Once downloaded or transferred content is stored, the storage device of your choice can be used as a media server that can be accessed by a network media player or compatible media streamer. The storage device must be DLNA or UPnP compatible, which can be further enhanced with 3rd party software options.

final result

A network media player or network compatible media streamer (including dedicated boxes or sticks, smart TVs or Blu-ray Disc players) allows you to stream content directly from the Internet and/or still images, and play the music and videos you own. There is. As long as all devices are connected to the same network and that network media player or streamer can read the digital media files you are accessing and wanting to play, they are stored on your PC, media server, smartphone or other compatible device.

Networked media players extend the reach of content access for home theater and home entertainment experiences.


More information

What You Need to Play Media on a Network Media Player or Streamer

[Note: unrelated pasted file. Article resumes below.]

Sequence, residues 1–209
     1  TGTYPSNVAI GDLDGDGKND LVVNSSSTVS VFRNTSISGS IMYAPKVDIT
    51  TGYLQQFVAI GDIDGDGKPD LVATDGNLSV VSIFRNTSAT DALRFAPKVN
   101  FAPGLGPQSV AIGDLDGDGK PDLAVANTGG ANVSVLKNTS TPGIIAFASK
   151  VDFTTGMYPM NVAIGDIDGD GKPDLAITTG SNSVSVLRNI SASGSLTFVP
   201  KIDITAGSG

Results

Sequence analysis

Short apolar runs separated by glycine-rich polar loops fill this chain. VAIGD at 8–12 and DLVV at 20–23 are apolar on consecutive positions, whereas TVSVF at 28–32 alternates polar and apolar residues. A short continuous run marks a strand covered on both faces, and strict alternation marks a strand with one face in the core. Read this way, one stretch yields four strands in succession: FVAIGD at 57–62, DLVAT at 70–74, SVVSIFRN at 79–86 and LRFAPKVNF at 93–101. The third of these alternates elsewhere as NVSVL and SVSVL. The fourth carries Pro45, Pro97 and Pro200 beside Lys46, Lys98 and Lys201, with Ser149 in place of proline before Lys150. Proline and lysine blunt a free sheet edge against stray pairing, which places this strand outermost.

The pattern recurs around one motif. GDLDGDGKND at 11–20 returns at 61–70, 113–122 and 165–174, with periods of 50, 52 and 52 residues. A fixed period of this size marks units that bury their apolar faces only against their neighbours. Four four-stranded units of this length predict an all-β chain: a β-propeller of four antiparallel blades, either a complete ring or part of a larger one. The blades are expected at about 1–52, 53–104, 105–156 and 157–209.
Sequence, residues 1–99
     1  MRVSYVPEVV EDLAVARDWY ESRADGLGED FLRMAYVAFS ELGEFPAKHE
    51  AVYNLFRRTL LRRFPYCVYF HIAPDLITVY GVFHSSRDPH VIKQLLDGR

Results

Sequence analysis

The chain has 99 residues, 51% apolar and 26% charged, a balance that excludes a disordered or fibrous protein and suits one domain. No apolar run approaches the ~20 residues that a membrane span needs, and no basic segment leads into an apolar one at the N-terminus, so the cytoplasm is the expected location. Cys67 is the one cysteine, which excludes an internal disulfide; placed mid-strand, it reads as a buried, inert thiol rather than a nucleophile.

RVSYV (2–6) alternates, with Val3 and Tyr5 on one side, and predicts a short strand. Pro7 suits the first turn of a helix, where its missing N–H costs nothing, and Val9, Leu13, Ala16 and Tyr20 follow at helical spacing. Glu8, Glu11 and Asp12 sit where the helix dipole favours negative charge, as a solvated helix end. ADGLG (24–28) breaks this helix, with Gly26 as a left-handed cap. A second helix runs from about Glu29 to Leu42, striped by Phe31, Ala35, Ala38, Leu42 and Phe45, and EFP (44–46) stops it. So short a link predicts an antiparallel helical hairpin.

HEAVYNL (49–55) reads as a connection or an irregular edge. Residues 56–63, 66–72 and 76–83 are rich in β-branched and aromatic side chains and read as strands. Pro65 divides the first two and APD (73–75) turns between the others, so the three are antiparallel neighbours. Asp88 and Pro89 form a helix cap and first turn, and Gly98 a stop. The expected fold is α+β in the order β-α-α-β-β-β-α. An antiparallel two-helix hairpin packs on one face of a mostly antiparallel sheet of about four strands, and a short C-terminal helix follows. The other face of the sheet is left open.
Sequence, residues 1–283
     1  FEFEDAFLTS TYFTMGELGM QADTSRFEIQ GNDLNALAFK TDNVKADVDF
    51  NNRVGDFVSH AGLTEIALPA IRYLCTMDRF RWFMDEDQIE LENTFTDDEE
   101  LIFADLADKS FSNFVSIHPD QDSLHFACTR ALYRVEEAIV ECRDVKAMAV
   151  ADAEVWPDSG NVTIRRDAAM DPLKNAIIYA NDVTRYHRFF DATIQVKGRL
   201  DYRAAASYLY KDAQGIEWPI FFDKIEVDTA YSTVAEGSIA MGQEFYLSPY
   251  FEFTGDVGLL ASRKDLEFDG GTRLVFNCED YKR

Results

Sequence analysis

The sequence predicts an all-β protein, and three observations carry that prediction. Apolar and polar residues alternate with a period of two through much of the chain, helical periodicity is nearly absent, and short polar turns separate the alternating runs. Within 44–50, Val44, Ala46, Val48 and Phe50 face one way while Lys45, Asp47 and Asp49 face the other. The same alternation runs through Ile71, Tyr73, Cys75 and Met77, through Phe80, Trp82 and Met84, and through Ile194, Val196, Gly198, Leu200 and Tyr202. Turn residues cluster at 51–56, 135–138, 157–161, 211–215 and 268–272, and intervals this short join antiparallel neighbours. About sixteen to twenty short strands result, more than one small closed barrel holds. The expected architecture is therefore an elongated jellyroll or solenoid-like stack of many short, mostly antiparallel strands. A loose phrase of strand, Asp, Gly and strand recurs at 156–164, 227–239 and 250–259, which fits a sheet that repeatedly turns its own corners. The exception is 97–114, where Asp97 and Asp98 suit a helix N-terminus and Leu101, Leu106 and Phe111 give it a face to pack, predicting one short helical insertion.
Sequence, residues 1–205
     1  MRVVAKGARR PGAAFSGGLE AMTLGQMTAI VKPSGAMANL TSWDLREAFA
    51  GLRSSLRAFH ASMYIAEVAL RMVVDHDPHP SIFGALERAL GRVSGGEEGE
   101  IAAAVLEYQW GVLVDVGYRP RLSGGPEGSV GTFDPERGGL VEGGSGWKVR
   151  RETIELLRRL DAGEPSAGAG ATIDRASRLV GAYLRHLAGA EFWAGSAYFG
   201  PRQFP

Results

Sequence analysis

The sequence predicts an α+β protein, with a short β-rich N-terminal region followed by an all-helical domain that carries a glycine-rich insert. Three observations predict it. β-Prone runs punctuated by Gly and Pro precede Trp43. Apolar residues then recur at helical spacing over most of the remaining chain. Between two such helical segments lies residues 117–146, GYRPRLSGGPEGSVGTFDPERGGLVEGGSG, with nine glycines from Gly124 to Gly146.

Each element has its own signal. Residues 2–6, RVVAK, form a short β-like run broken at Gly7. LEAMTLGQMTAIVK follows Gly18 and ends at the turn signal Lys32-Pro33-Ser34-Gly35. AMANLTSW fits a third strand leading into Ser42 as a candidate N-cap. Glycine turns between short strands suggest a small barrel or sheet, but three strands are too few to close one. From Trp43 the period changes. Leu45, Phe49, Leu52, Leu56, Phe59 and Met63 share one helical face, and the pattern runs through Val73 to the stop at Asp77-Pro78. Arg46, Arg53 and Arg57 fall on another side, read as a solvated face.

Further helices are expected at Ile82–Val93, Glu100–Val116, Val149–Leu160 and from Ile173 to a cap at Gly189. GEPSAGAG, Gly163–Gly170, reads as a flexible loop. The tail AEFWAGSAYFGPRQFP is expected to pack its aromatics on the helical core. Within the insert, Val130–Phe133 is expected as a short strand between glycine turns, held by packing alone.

Be sure you have what you need to play stored or streamed digital media content

Tired of crowding your friends and family around your computer to view photos or watch a video? Maybe you just want to see the movies you’ve downloaded or are streaming from the internet on your big-screen TV or you just want to listen to your music away from your desk, on your full-range speakers in your living room.

It is time to get a network media player or media streamer (box, stick, smart TV, most Blu-ray Disc players) that can retrieve the media from the internet, your computer, or other network-connected devices, then plays your movies, music, and photos on your home theater.